John Speed's Map of Asia
This is a fantastic map of Asia, bearing all the aesthetic strengths for which Speed's maps are prized. Asia is shown in full, with many interesting and mysterious geographical features. Eight important Asian cities line the top of this map, including Candy [Kandy], Goa [the historical, and somewhat mythological, city], Damascus, Jerusalem, Ormus [Hormuz], Bantam, Aden, and Macao. Along the sides of the map, the cultural dresses of ten civilizations can be found.
Many geographical curiosities can be found throughout this map. The Great Wall of China is prominently marked, far to the north of its true location. A lake in Tibet feeds many Bengali rivers, in an area labeled as "India without Ganges." At the source of this latter river, an elephant wanders. Korea is shown as a slender oddly projected peninsula, separated from China by a "Gulfe of Nanquin." Separating Siberia from North America is "The West Ocean," which gives way to "The Tartarian Sea" in the north.
The dresses and characteristics of the different ethnicities shown around the map are rather European. While the depictions of an Arabian, an Asyrian, and an Armenian are perhaps roughly accurate, it is clear that Speed either used inaccurate sources or just guessed for some of the others. The "Chinean" looks like an English Puritan. The Javan and the Sumatran are dressed very differently. The Tartarian resembles a Norse Viking. Further details, such as weapons that are visible, are just as inaccurate.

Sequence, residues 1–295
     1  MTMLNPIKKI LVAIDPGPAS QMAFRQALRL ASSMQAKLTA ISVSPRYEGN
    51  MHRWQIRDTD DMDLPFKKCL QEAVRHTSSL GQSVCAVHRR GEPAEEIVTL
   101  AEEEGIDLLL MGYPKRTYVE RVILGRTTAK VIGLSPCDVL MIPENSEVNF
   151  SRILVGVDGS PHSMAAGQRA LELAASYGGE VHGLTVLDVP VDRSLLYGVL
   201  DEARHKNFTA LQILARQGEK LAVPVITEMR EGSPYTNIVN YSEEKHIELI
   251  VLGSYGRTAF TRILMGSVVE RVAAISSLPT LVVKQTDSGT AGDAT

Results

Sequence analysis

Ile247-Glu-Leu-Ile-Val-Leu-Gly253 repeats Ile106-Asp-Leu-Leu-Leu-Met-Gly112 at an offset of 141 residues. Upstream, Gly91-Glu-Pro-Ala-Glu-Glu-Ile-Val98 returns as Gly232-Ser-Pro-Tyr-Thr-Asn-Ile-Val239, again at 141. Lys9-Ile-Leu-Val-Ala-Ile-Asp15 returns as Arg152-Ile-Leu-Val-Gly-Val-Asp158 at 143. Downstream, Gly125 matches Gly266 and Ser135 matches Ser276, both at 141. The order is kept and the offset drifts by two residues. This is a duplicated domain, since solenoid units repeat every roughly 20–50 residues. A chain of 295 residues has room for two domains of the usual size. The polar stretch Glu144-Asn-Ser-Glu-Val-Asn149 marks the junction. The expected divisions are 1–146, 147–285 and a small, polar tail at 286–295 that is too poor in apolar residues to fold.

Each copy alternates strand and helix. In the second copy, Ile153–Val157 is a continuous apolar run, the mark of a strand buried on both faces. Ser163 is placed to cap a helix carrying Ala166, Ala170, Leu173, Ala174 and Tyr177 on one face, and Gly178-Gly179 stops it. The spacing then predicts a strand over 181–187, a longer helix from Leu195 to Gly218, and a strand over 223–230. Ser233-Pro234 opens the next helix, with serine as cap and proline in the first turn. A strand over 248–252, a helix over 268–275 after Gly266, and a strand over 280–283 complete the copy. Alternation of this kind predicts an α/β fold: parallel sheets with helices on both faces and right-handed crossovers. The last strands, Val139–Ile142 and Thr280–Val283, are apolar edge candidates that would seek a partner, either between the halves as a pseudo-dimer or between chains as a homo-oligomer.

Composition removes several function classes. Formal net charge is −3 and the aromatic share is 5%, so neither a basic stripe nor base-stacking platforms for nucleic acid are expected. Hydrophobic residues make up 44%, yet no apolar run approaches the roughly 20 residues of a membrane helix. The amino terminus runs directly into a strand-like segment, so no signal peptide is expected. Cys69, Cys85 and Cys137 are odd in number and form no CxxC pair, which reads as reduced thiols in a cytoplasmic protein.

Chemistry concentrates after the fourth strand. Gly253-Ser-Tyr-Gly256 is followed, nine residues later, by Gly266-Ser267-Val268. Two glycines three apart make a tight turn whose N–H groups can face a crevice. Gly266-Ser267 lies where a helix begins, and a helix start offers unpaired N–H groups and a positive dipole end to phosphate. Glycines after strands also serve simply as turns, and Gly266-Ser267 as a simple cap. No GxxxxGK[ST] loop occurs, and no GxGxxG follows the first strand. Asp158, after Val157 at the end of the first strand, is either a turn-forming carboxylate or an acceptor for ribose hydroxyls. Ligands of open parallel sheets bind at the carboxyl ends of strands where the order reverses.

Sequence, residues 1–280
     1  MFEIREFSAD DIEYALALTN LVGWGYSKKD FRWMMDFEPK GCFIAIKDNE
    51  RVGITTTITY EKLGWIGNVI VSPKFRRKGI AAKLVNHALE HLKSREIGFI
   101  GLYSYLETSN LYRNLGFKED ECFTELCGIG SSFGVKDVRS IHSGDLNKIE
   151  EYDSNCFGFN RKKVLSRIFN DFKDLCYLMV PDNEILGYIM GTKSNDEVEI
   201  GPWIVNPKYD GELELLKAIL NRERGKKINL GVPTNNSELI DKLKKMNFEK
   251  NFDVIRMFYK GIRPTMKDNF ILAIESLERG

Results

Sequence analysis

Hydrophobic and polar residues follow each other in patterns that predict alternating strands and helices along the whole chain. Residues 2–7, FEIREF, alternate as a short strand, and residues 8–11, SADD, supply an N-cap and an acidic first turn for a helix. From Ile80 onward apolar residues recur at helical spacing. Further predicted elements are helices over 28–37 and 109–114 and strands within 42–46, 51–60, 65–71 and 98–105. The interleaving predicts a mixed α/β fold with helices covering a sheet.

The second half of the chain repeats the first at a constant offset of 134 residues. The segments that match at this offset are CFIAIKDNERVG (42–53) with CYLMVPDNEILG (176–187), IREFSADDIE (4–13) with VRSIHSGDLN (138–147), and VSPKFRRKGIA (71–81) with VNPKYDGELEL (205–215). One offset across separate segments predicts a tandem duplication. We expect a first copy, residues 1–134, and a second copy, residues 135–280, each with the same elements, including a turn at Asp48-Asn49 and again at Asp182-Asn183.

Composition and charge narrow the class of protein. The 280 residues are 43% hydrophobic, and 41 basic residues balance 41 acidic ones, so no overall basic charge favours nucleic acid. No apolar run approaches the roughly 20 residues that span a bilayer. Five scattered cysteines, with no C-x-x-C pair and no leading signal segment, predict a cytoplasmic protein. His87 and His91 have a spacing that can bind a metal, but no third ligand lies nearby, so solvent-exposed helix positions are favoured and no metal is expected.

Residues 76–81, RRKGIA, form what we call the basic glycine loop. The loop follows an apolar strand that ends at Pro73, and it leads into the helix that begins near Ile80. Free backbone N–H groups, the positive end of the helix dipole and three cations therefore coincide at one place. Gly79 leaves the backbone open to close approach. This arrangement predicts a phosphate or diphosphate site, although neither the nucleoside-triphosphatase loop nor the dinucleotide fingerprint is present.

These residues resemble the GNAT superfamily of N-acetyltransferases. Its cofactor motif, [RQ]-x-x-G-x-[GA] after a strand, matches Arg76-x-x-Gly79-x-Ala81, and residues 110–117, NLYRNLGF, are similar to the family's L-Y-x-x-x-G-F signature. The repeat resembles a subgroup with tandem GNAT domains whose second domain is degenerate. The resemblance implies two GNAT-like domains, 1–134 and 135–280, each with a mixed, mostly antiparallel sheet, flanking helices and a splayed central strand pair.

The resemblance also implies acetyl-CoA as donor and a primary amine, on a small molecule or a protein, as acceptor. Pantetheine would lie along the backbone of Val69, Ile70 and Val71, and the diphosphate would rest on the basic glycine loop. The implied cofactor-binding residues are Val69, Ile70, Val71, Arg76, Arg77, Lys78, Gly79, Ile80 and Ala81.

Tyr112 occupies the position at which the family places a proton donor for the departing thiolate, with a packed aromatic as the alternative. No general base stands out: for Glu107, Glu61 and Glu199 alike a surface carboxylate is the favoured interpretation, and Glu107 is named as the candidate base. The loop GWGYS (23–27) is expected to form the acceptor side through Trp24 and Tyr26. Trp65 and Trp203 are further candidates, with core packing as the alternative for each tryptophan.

The text on the verso presents a fascinating anglocentric view of Asia in the early 17th century. In all, this is a great map of Asia, well designed but perhaps lacking some geographic and cultural accuracy.
John Speed (1551 or '52 - 28 July 1629) was the best known English mapmaker of the Stuart period. Speed came to mapmaking late in life, producing his first maps in the 1590s and entering the trade in earnest when he was almost 60 years old.
John Speed's fame, which continues to this day, lies with two atlases, The Theatre of the Empire of Great Britaine (first published 1612), and the Prospect of the Most Famous Parts of the World (1627). While The Theatre ... started as solely a county atlas, it grew into an impressive world atlas with the inclusion of the Prospect in 1627. The plates for the atlas passed through many hands in the 17th century, and the book finally reached its apotheosis in 1676 when it was published by Thomas Bassett and Richard Chiswell, with a number of important maps added for the first time.